A Woman Found A Plea For Help In A Saks Fifth Avenue Bag, Now The Story Has An Amazing End

A shopper at Saks Fifth Avenue in New York in 2012 reached inside her shopping bag for her receipt, but what she pulled out of the bag shook her to the bone. It was a letter, along with what appeared to be passport photo of the man who claimed to have written it, who signed himself Tohnain Emmanuel Njong.

The letter was scrawled in blue ink on white paper and took up a whole page, but its message, penned in all capitals across the top was simple, and stunning:


Tohnain Emmanuel Njong wrote that he was a prisoner in a Chinese factory, on the other side of the world from where the shopper, 28-year-old Stephanie Wilson, found his desperate letter.

“We are ill-treated and work like slaves for 13 hours every day producing these bags in bulk in the prison factory,” Tohnain Emmanuel Njong. And he signed off politely, writing. “Thanks and sorry to bother you.”

Now, two years later, Tohnain Emmanuel Njong has been found — by researchers at the New York-based news site DNAinfo.

“I read the letter and I just shook,” said Wilson, a native of Australia. “I could not believe what I was reading.” She turned the letter over to a human rights group that specializes in the treatment of prisoners incarcerated by the Chinese. But even though there was an e-mail address on the back of the letter, the group came up empty.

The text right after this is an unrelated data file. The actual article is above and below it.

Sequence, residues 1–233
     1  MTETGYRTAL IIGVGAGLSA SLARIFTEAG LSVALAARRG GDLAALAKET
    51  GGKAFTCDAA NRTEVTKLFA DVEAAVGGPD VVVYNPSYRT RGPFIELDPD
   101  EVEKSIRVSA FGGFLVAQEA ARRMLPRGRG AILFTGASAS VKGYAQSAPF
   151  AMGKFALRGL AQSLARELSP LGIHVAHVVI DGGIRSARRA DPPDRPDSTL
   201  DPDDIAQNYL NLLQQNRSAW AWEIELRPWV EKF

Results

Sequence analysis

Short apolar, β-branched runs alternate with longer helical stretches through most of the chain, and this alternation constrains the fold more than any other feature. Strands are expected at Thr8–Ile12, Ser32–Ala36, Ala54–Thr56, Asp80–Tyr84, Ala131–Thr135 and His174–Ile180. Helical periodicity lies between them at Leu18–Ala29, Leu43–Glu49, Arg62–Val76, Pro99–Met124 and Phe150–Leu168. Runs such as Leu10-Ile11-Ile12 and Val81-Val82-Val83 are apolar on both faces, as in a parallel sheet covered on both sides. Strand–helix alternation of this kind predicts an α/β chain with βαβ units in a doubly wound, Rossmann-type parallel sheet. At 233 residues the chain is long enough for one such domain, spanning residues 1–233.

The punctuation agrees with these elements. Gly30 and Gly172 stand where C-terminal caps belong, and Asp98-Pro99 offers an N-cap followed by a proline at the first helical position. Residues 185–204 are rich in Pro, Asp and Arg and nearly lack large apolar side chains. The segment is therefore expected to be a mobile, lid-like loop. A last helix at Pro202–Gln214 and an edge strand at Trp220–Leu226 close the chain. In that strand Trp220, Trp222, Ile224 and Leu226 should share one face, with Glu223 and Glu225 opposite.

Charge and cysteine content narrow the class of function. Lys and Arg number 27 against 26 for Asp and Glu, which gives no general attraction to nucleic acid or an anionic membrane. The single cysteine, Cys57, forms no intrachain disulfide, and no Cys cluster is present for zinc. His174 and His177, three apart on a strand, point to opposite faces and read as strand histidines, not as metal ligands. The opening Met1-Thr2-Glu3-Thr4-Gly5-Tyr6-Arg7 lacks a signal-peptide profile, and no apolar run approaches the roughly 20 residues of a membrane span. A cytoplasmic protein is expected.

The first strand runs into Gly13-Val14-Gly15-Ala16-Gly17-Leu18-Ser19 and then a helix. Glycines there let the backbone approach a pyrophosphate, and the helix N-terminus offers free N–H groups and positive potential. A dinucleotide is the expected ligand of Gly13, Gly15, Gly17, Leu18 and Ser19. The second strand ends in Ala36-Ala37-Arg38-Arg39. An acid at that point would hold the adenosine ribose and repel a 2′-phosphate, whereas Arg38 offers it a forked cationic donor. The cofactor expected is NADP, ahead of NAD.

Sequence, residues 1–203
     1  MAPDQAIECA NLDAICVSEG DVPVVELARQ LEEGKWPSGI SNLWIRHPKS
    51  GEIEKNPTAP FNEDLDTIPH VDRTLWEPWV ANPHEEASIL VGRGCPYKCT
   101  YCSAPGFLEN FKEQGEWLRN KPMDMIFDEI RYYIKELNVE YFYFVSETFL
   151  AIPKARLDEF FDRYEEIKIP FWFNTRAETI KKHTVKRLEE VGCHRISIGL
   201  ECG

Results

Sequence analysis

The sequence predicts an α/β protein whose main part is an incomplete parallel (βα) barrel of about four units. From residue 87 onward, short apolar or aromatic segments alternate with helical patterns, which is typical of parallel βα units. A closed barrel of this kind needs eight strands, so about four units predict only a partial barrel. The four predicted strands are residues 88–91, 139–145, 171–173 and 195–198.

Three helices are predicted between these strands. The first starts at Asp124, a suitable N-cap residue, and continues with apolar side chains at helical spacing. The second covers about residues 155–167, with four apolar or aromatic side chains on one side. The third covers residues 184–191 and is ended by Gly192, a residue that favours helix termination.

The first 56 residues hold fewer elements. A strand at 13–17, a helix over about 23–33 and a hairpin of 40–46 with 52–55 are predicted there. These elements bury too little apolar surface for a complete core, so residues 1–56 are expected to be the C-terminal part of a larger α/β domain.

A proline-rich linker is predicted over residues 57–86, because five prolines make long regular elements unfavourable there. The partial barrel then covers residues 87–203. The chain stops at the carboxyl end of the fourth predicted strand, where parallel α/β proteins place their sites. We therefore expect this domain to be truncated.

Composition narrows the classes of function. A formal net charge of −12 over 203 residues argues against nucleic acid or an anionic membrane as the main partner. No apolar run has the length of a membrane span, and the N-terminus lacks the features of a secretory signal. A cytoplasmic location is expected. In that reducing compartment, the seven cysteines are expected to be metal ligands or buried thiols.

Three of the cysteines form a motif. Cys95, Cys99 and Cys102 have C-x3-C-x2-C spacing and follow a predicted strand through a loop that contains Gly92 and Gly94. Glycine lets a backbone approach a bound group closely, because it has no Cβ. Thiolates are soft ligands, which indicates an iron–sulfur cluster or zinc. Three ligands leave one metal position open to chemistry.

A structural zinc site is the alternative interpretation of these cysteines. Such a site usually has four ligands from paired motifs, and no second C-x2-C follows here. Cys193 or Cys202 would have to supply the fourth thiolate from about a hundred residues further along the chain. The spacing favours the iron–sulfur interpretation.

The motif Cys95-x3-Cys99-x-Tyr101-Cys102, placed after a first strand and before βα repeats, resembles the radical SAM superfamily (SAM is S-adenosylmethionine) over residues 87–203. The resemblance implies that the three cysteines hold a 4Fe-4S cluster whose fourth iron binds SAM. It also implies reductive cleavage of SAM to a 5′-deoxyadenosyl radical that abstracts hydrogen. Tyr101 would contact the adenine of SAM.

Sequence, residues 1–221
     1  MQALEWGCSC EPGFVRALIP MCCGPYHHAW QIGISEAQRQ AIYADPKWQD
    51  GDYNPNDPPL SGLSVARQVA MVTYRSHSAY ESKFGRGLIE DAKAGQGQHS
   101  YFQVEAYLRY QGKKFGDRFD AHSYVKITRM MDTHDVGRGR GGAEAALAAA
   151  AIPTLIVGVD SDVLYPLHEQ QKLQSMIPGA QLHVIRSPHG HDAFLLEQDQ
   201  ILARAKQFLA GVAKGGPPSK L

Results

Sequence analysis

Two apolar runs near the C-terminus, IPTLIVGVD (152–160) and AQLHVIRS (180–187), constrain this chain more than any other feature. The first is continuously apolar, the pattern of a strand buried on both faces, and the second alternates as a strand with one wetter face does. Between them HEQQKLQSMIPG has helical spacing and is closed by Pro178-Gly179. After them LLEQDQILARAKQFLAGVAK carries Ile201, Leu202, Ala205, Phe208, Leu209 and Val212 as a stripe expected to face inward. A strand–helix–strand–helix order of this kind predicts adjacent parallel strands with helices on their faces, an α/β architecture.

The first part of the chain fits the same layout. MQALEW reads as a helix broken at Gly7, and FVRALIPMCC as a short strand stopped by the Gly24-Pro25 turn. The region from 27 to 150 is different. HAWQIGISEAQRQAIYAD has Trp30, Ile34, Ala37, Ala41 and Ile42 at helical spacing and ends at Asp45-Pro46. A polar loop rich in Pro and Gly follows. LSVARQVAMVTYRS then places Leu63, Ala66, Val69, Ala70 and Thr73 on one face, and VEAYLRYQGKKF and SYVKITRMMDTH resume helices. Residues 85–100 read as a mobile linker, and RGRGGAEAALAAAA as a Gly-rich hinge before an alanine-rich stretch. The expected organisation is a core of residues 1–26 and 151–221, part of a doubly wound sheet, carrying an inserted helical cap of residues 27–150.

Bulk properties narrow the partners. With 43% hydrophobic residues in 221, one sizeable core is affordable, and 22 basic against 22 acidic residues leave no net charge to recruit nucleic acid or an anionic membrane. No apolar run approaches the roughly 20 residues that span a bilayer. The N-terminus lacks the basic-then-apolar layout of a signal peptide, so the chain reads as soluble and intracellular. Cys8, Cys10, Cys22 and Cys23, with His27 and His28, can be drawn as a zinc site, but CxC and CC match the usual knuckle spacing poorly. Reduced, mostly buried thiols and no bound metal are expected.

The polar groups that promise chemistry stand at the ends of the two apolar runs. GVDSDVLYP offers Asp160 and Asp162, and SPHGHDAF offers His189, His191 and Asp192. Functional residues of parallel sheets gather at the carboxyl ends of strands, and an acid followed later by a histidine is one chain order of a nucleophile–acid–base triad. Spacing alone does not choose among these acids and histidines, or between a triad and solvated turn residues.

The Department of Homeland Security also got ahold of the letter, but would not reveal if it found Tohnain Emmanuel Njong, or even tried.

DNAinfo used the now-inactive e-mail address as well as social media to track down Njong and the story has a happy ending. The Cameroonian native is alive and well, living and working in Dubai.

He verified that he was, in fact, the author of the letter by referring to specific facts about the document that only he could have known.

Njong told DNAinfo that he was teaching English in China when he was accused of fraud — a false charge, he says — and imprisoned for three years in Qingdao, Shandong Province in eastern China.

In the interview, he explained how and why he wrote the letter.

“We were being monitored all the time,” Njong told the site. “I got under my bed cover and I wrote it so nobody could see that I was writing anything. Maybe this bag could go somewhere and they find this letter and they can let my family know or anybody [know] that I am in prison.”

According to Harry Wu, founder of Laogai Research Foundation and a former Chinese prisoner himself, Tohnain Emmanuel Njong risked his life by wrting the letter — and Njong said he wrote five such letters, only one of which was found.

“There would be solitary confinement until you confess and maybe later they increase your sentence — or even death,” said Wu, of Tohnain Emmanuel Njong’s desperate letter-writing act.